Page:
The last time Simon Lereng Wilmont was in the Eastern Ukraine, he was dangerously close to the front lines of Russian’s violent incursion into the region in “The Distant Barking of Dogs,” taking up residence with a 10-year-old boy who had to live inside a house that trembled every time bombs detonated nearby and became accustomed to putting his guard up when the ground shook, even when there was no obvious threat. Capturing the psychological effect this had on the young Oleg, who lived with his grandmother, the film opened up a remarkable window into how a generation of Ukrainians would be shaped by relentless attacks without any direct participation in it and Lereng Wilmont makes an equally powerful follow-up with “A House Made of Splinters” that doesn’t need even the sounds of war to show the lasting destruction that has been done to the country by crippling any existing infrastructure where jobs are hard to come by in cities with bombed out buildings and many have turned to alcohol to deal with despair.
In this context, the Lysychansk Center for Social Psychological Rehabilitation appears to stand tall and strong, a waystation for children whose parents have been deemed unable to take care of them by social services and given a place to stay until their cases can be resolved by the courts. Contrary to what you might think, the center doesn’t appear to be a place of great sadness, with its conscientious staff dressing up as characters in “Frozen” to cheer up the children and rousing them with fun exercise routines in the morning, but still there is an awareness amongst the children no matter how young they are that they have at most nine months at the facility before they leave in the care of either their birth parents, a foster family or an orphanage and that uncertainty can be as terrifying as if they were back living next to the battleground. What’s immediately striking is not only how conscious the kids are of how all of this works, but the condition of their parents that led to their stay, with some telling one another about the horrific physical abuse they witnessed or experienced firsthand or how they lost their parents to drink.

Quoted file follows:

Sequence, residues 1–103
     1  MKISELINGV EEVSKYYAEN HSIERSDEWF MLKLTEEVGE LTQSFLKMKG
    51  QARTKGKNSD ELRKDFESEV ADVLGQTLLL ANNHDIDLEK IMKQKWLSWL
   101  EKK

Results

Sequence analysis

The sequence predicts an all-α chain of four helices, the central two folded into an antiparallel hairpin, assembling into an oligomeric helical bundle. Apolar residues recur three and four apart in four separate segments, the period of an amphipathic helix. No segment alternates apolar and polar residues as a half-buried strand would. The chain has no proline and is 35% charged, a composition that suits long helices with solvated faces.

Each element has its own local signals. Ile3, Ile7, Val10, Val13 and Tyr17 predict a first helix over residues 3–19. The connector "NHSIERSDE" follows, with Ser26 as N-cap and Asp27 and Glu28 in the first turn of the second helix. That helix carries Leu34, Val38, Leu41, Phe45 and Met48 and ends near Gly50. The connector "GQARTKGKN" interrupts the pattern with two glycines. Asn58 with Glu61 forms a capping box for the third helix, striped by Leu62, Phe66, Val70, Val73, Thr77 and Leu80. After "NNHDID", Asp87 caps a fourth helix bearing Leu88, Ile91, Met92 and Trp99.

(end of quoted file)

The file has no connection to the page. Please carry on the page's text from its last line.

The remarkable sensitivity that made Lereng Wilmont’s observations of his young subject in “The Distant Barking of Dogs” so arresting is on display again here as he comes to focus on four children — Eva, who hopes her grandmother can take custody of her after losing faith in her mother, Sasha, who had to cook for herself before she could reach the stove given her mother’s severe alcoholism, and Polina, the friend she makes at the center, as well as Kolya, the lone boy in the group whose anger from being separated from his parents has manifested itself into petty crimes and rebellion. As one of the social workers remarks in the thoughtful voiceover that underlines the verite doc, it isn’t unusual for those working at the center to see the children of those who were previously at the center as children, given no foundation on which to build a life and although the film never strays beyond the center, or for that matter his young subjects’ perspective, the ripple effects can constantly be imagined. However, living alongside these devastating thoughts about the vicious cycle that lies ahead are scenes of generosity and kindness at the center, all without feeling forced or contrived, and despite the dire situation at hand in “A House Made of Splinters,” depicting those that still care enough to fight for a better future and some whose spirit simply cannot be broken can leave one feeling as if they’ve seen the best of humanity as much as the worst.
“A House Made of Splinters” will be available to watch virtually through the Sundance Film Festival through January 26th at 7 am PST.